I have Stephen Hinton to thank for bringing my attention to Kurt Weill’s one-act “ballet-pantomime” “Zaubernacht” (magic night). In his book Weill’s Musical Theater: Stages of Reform (which I reviewed on this site almost a year ago), Hinton claimed that “the work remains something of a curiosity in his oeuvre,” which was certainly enough to pique my own curiosity. He then garnished this summary judgment by describing the scenario by Wladimir Boritsch, for which Weill provided about an hour of music, as “looking back to works such as Tchaikovsky’s ballet Nutcracker and forward to the movie Toy Story.” Hinton reproduced the following synopsis from David Drew’s Kurt Weill: A Handbook:
As ‘the Girl” and “the Boy’ fall asleep, the Fairy enters and sings her magic spell. One by one the children’s toys, and the characters from their story books, are brought to life. Presently, the children themselves become involved in a phantasmagoria where, for instance, Andersen’s Tin Soldier helps rescue Hansel and Gretel. At the end, the Witch is hunted by the assembled company, and at last disposed of. The Fairy then vanishes, the children sink back into a dreamless sleep, and their mother tiptoes into the room to close the curtains.
(Hinton’s book predates the launch of Once Upon a Time on television, which is probably a better “forward pass” for this scenario than Toy Story.)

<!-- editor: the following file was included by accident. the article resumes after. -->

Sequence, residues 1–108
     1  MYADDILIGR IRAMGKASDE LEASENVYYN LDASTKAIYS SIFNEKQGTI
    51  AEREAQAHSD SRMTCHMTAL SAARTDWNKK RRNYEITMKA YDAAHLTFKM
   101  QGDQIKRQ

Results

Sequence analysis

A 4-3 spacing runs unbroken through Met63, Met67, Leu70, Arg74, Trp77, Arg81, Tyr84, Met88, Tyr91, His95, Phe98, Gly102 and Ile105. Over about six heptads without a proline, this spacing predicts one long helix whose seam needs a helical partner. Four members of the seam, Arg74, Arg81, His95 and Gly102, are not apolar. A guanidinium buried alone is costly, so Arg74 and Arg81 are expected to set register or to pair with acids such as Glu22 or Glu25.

This ballet was first performed in Berlin in 1922, and it is actually the very first piece Weill composed for the stage. This is about five years prior to the beginning of Weill’s collaborations with Bertolt Brecht, the source of his best-known achievements prior to his move to the United States. Given the darkly cynical connotations of the music that Weill composed for Brecht, “Zaubernacht” stands out as a delightfully cheerful collection of episodes in the service of the ballet’s eccentric scenario.
At the end of last month cpo released a recording of this score performed by the Arte Ensemble with soprano Ania Vegry singing the song of the Fairy’s spell. The recording was produced by Norddeutscher Rundfunk (NDR, North German radio) and licensed by Studio Hamburg. Weill orchestrated the score for “pit resources” with a single performer for each part. The instrumentation consists of a string quartet, bass, flute, bassoon, piano, and enough percussion to keep two performers occupied. If I am to believe the back cover for the CD, Arte Ensemble performs without a conductor.
In the matter of influence, Weill tended to talk about his background in terms of his studies with Ferruccio Busoni. However, those familiar with the music of Richard Strauss may wonder whether or not Weill had seen a performance of Ariadne auf Naxos in its full-opera form, which was first performed on November 1, 1916 in Berlin. The commedia dell’arte characters from Hugo von Hofmannsthal’s libretto for Strauss surface, at least in spirit, on several occasions in Weill’s score; but their antics are very much consistent with those conceived by Boritsch.
Thus, while “Zaubernacht” may be a “curiosity,” the score has enough substance to sustain the attention of the serious listener who likes to have a bit of fun now and then.